The division within the Republican congressional majority that killed tough anti-abortion legislation and has bottled up immigration reform is now threatening bipartisan “patent reform,” with some conservative critics warning that it amounts to a secret Obama gift to Google.
As Congress moves to pass the comprehensive reform, critics including likely 2016 presidential candidate Carly Fiorina and former Ohio Secretary of State Ken Blackwell are urging a slow down.
They claim that the rush for broad reform, while geared to limiting lawsuits, threatens inventors. They also charge that companies such as Google, which has hundreds of patents, has cozied up to the Obama administration to win the new reforms that might protect their effort to out-patent competitors like Apple.
The latest criticism came from Blackwell in a letter to 75 conservative leaders.
“[T]he number one corporate cheerleader for patent reform has been Google,” he wrote in the letter provided to Secrets. “Let’s not forget how close the Obama administration is to Google. There has practically been a revolving door between the company and the White House. If you hate crony capitalism, then you should be worried about the administration and Congress acting so aggressively to overhaul the patent system to advance the financial interests of Google and others.”
Proponents want the reforms, claiming that big companies get hit by “patent trolls” that cost millions of dollars to fight. Critics agree that the trolls are a problem, but believe the comprehensive reforms backed by Obama and senior GOP leaders go to far.
Below is Blackwell’s letter:
Paul Bedard, the Washington Examiner's "Washington Secrets" columnist, can be contacted at firstname.lastname@example.org.
There is an issue that will likely be making its way through Congress in the coming months that the conservative movement needs to be aware of and vigilant about – so called patent reform. In the coming months, some Republican leaders will trumpet “patent reform” as an issue that has bipartisan support and one where we can demonstrate early on that we are willing to work with the President. Just last week, Sen. John Cornyn, said he looks forward to “moving legislation early this year.” Some have tried to claim that this is good for the economy. Nothing could be further from the truth.
Rushing to pass bad legislation just so we can demonstrate a willingness to work with the White House is not the path to take. Despite the support of many Republicans in the last Congress, this legislation, as it now stands, it just another one-sized fits all big government overhaul of a sector of the economy that is not broken. The government is here to help? Stop me if you’ve heard this before.
First there was Obamacare, then Dodd-Frank. Every time the politicians in Washington see a problem, instead of coming up with targeted fixes, they want to push through broad overhauls that change the parts of the system that are working right along with the parts they think need help – and always make things worse.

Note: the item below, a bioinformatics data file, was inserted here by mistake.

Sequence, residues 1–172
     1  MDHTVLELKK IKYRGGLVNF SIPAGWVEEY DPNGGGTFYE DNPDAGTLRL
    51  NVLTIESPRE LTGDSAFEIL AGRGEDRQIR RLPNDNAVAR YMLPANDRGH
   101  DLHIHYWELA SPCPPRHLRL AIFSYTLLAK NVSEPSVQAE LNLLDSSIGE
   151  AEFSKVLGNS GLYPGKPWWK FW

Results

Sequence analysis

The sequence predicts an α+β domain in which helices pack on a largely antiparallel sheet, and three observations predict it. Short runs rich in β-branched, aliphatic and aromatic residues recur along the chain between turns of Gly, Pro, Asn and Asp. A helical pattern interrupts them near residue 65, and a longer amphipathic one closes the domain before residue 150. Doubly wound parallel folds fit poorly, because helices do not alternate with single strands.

Our constitutionally protected patent system (Article 1, Section 8) is critical to promoting innovation and economic growth. Our founders knew that protecting intellectual property is just as important as physical property. Patent protection gives people the incentive to take risks and invest, knowing they will own their ideas and can profit from it.
There are valid concerns about the patent system and there are ways to advance specific and targeted reforms to deal with bad actors, frivolous lawsuits, etc… Unfortunately the current legislative proposals have not done that, they overhaul the entire system. Just like the other big government overhauls we have embarked on in recent years, this would target the whole incentive structure for innovation – with unintended consequences – rather than address specific areas needing reform.
Now, some conservatives have tried to justify support for these proposals as a form of tort reform. Undermining property rights is not tort reform. Patent litigation has already dropped 40% over the past year and the rate of patent lawsuits has averaged around 2% of all patents for decades. We’re going to undermine our fundamental rights to address a supposed litigation explosion that doesn’t exist and that supposedly advances tort reform. Conservatives should have no part of this.
Interestingly, the number one corporate cheerleader for patent reform has been Google. Let’s not forget how close the Obama administration is to Google. There has practically been a revolving door between the company and the White House. If you hate crony capitalism, then you should be worried about the administration and Congress acting so aggressively to overhaul the patent system to advance the financial interests of Google and others.
Strong patent protections are one of the key economic concepts that distinguishes us from nations like China, where Intellectual Property theft is rampant. Why would we support legislation that emulates their model? We should be protecting our inventors from theft and ensuring American innovation is on the cutting edge, not undermining property rights and surrendering our one key advantage to the Chinese.
A number of leading conservative organizations and legal scholars have expressed grave concerns about the consequences of this legislation. It makes no sense for conservatives to support legislation that stifles innovation, weakens property rights, surrenders our advantage to China and rewards Obama’s leading corporate supporters.
I have included a number of links below for opinion pieces by myself and other respected conservatives. I hope you find them helpful and hope you join me in opposing this big government patent overhaul.